We then rented a car and drove north to the Quebrada de Humahuaca, which is a spectacular mountain valley in the province of Jujuy. The rock formations changes colors constantly and it was an amazing experience driving through the dusty and varying mountains, some places red, green or greyish and some dotted with cactus. Scattered around the mountains are picturesque, indigenous towns with a real Inca-vibe lined with markets and homey restaurants serving llama. We stayed in Tilcara for the night, which we read is many traveller’s favorite base for exploring the area, and we weren’t disappointed by the small and cozy town. In the afternoon we drove to the town Humahuaca, where we walked around a bit in the cobbled streets and bought a few things at the market.
The next morning we woke up very early and drove to Purmamarca to see the Hill of Seven Colors (Cerro de los Siete Colores). The town was only just waking up when we arrived and it made the spectacular view of the colorful hill even better that we were almost alone and not surrounded by hordes of other tourists.
We then drove through the georgeous landscape seeing cactus and llamas on the mountains sides galore until we reached Salinas Grandes. It’s an former lake that dried up and is now a giant salt desert. There was a little tourist information desk, and my Spanish skills was tested thoroughly since all the guides did not know any English. The area itself is admission free, but it was mandatory to pay for a guide to take you there, and so we did. It was a very impressive experience to talk on the massive salt flats, all white and shiny with the mountains in the background. Stunning!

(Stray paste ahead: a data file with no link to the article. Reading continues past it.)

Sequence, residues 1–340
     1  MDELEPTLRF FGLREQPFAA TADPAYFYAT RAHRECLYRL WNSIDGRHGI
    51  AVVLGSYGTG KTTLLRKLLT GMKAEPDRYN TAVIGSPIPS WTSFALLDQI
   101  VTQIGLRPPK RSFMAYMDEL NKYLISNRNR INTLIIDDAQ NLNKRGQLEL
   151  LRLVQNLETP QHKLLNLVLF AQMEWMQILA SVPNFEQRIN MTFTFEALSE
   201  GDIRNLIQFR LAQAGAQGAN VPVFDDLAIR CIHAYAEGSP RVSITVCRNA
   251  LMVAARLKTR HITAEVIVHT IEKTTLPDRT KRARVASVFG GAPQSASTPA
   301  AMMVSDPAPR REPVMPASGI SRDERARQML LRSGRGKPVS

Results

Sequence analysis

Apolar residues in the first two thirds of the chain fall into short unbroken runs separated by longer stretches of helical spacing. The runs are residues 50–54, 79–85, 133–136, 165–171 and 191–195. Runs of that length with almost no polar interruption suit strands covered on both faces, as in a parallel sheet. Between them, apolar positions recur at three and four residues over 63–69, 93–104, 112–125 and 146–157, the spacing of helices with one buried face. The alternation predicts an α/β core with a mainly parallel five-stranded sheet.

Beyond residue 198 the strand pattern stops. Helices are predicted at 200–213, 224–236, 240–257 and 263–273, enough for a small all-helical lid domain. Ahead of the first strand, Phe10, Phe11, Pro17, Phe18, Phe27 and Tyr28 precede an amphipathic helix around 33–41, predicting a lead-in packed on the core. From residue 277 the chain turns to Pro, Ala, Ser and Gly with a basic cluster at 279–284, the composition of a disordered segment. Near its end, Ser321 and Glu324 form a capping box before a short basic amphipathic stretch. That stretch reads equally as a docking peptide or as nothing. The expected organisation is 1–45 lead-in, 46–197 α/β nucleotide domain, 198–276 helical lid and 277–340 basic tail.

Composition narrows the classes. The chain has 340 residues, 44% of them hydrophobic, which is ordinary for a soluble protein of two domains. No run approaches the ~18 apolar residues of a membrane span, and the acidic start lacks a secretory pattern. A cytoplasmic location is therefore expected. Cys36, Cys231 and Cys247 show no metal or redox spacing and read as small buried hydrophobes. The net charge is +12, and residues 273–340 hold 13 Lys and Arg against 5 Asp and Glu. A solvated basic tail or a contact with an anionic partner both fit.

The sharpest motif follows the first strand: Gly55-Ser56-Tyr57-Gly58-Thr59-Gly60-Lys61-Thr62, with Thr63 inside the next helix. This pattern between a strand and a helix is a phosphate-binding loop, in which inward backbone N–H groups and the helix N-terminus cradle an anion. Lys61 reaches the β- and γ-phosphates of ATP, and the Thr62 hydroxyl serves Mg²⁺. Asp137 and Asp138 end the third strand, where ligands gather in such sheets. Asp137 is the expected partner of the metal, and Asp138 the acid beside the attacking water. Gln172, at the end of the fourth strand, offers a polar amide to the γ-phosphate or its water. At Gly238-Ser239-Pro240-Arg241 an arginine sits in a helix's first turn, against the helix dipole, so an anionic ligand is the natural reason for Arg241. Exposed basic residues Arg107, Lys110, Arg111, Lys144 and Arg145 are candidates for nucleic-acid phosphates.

Afterwards we drove back the pretty winding roads to Purmamarca, where we had some food and checked out the artisan marked. And then it was time to drive back to Salta, where we dropped of our rental car and got on a plane to Puerto Iguazú.
After some busy and active days in Patagonia, we felt the need to relax.
We spent Saturday taking the bus back to El Calafate, and then sat in a cafe all day booking flights for the remainder of our trip and hotel in Cordoba. In the evening we flew to Bariloche, where we checked in to our hotel and then had the best steak dinner in Argentina so far! The place was called El Boliche “de Alberto”, and we had the most mouth-watering steak – probably only surpassed by the Kobe steak we had in Kobe. It was so good and such a nice place that we went back the next day for dinner 🙂
Bariloche is placed gorgeously along the shoreline of Lago Nahuel Huapi and surrounded by the snow-crowned Andes. It’s known for its wide range of skiing, trekking and mountaineering facilities, as well as being Argentina’s chocolate capital.
One of our reasons for choosing to visit Bariloche was the Camino de Los Siete Lagos, or The Road of the Seven Lakes. It is a 110 km route that follows a windy road through lush forests, dramatic mountain scenery and crystal-blue lakes, ending up in the small charming town San Martín de Los Andes. Although it would have been nice to do the drive ourselves, we opted for the easy solution and booked a daytrip from our hotel. The guide spoke mostly Spanish, but was nice and translated most of the things to us when we stopped at the different locations, and it was nice to just sit back and enjoy the amazing scenery from the window without paying too much attention to all the information that was said. We stopped in some small villages and at all the different lakes and arrived in San Martín around lunchtime, where we had a few hours to have something to eat and walk around in the cosy town.